Wake County Public School System (WCPSS) officials on Tuesday approved a modified Plan B school reopening plan under which all students will begin the school year learning remotely.
Under Plan B Transition, as it is called by WCPSS officials, Pre-K students and special education students in regional programs could start in-person learning Sept. 8.
All other students will return to in-person instruction as “soon as practical” based on community metrics for COVID-19 infections and other key data.
Gov. Roy Cooper has directed districts to reopen under Plan B, which is a mix of in-person instruction and remote learning.
Cooper also gave local education leaders the option to reopen under Plan C, which is remote learning only.
He reiterated Tuesday that districts should choose the option best for their community.
“This is a difficult time for parents and students,” Cooper said. “It’s a tough time for teachers and staff as they’re struggling with the best way to do this. There’s no easy answer to all of this but I do think we have a good plan in place with both Plan B and Plan C that school districts can choose from.”
Plan A, the least restrictive of the three plans, was not on the table due to high number of coronavirus infections in the state. It calls for schools to fully reopen with daily temperature and screening checks before students and staff members entered buildings.
WCPSS official also reported Tuesday that nearly half — 78,792 of 160,000 — of the district’s students have enrolled in a new virtual academy created to provide remote instruction to students whose parents are afraid to send them to school for in-person instruction before a vaccine is developed for the coronavirus.
Students who enroll in the virtual academy must commit to remain there through the first half of the school year. Those attending schools under Plan B Transition will be able to quickly move to in-person instruction when it’s safe to do so.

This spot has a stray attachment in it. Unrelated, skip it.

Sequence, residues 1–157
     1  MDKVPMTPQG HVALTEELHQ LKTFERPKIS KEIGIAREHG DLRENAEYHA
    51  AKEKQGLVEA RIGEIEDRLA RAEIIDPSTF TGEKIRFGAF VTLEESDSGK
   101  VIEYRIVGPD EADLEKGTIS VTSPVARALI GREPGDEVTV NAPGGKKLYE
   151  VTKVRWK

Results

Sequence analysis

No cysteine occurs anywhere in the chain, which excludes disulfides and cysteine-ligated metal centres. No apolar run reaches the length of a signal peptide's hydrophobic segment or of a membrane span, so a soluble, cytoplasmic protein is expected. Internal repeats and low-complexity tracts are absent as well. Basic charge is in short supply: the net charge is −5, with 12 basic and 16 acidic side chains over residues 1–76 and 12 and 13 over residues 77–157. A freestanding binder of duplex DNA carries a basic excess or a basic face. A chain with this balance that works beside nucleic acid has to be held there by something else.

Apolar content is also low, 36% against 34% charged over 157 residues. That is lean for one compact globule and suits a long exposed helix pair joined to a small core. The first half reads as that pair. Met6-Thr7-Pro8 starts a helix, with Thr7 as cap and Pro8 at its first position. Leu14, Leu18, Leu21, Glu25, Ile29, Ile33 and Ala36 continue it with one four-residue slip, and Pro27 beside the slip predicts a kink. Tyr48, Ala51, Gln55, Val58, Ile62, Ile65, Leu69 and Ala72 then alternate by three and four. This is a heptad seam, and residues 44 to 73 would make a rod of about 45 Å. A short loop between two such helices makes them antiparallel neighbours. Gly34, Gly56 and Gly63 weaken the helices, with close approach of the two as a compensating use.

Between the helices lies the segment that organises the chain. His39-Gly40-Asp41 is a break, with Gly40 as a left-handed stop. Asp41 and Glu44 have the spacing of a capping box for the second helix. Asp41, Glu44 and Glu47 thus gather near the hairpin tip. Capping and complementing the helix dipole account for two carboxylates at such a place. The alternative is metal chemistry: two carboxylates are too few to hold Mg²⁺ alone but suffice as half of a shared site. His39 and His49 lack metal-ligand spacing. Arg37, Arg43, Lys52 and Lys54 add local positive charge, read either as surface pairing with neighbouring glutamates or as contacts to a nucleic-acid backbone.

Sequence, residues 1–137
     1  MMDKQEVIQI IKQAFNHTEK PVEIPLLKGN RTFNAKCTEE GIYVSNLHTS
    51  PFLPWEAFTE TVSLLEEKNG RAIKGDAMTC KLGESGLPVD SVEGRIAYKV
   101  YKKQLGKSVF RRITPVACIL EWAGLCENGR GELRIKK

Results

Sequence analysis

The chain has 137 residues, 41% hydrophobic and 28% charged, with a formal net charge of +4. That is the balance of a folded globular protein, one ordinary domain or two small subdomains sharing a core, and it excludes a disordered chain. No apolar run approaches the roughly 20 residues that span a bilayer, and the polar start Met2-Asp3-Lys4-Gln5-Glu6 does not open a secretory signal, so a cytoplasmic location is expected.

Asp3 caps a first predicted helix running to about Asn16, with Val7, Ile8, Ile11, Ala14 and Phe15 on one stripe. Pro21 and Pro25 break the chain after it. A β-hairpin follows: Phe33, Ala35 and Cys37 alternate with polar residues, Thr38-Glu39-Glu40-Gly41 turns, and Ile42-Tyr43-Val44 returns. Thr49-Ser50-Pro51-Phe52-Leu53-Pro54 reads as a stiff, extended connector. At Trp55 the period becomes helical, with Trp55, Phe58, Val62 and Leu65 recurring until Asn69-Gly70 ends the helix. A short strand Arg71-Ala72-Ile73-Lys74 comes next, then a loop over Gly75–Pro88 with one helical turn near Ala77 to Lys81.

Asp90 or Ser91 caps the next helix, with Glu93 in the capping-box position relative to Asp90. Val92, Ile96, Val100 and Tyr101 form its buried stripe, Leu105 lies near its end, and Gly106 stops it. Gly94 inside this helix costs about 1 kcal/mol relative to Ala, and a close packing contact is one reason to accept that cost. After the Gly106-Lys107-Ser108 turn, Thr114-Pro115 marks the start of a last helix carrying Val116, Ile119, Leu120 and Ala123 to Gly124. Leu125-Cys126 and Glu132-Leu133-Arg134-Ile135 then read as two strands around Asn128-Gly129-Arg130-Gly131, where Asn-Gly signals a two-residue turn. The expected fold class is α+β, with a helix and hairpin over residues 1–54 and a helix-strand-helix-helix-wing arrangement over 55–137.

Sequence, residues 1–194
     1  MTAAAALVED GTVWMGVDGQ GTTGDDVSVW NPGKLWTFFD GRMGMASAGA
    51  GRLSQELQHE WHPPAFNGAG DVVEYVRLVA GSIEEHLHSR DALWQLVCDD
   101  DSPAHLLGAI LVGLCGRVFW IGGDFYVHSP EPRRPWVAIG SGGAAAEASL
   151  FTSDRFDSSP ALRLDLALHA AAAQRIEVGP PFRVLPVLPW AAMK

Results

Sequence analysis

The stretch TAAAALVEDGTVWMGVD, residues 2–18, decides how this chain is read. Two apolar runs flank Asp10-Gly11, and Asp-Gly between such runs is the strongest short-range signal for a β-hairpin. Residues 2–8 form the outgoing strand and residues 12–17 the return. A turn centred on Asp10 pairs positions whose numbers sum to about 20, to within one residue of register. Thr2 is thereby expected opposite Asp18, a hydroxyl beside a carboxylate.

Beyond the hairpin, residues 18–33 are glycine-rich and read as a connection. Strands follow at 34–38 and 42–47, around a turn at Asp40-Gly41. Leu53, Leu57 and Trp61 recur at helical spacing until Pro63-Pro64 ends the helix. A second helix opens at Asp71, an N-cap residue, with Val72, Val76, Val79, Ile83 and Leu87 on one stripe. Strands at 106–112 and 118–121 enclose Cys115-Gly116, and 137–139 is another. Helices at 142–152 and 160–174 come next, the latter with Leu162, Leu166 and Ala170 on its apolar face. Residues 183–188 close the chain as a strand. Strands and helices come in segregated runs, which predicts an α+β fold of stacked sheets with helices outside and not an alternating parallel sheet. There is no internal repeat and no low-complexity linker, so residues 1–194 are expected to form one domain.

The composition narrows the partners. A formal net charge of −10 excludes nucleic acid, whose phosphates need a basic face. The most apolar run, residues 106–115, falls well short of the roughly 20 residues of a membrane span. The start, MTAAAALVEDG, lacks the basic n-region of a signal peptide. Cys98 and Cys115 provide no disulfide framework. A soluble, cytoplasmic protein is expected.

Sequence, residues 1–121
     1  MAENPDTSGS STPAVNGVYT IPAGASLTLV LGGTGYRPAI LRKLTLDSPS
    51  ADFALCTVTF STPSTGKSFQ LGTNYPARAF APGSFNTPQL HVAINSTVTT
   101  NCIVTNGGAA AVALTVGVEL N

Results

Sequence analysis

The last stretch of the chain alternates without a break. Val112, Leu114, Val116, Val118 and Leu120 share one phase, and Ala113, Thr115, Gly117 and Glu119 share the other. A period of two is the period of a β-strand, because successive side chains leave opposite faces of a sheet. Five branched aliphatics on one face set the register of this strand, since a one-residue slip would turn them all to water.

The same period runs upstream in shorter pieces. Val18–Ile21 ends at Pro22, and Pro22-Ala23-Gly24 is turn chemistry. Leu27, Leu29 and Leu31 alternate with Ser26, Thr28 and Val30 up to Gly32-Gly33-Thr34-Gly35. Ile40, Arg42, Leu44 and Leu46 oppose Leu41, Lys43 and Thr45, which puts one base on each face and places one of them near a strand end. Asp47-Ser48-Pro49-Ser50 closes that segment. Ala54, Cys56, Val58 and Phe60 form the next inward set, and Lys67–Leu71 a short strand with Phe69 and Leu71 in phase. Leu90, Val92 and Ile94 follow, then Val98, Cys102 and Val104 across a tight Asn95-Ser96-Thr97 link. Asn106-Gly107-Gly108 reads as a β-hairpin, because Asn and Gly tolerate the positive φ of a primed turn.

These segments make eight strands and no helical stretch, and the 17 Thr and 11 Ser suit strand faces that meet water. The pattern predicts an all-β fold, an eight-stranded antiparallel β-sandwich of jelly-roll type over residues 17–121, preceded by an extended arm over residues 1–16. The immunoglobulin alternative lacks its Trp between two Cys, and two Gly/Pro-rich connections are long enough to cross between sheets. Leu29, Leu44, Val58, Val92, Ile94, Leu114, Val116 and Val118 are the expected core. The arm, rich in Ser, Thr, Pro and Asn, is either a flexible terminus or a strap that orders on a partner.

“Online learning in Plan B Transition will provide the opportunity for students to move back to in-person instruction as soon as it’s safe and practicable, whether it be in Plan B Transition or in Plan A,” said Drew Cook, the WCPSS assistant superintendent for academics.
The state’s largest school system with more than 160,000 students joins a growing list of districts that will at least begin the new school year with all students learning remotely.
Teachers across the state have expressed concern about returning to in-person instruction before the coronavirus is under control.
Their reluctance to return to classrooms and rising infections have guided the decision of districts choosing to provide remote only instruction upon reopening.
Cumberland County Schools announced Tuesday that it will provide remote-only instruction through Sept. 25.
“All schools will begin operating under Plan B (Blended-Remote and Face-to-Face Learning), beginning no earlier than September 28, 2020, provided the director of the Cumberland County Department of Public Health, Dr. Jennifer Green, confirms that COVID-19 conditions have improved sufficiently in Cumberland County such that Plan B can be safely implemented,” officials said in a statement posted on the district’s website.
Meanwhile, as state education leaders and local school districts grapple with tough school reopening decisions, Senate Leader Phil Berger urged parents to leave the state’s public schools.
He contends the state’s public schools are “failing the very students” they’re supposed to help.
“At-risk kids may be out of school from March 2020 through September 2021 — many of them don’t have a chance of catching up,” Berger wrote.
Beger added: “Meanwhile, children from well-off families can learn in-person at private school. I urge concerned parents to take advantage of the Opportunity Scholarship program so their kids can get the same private school education as other children.”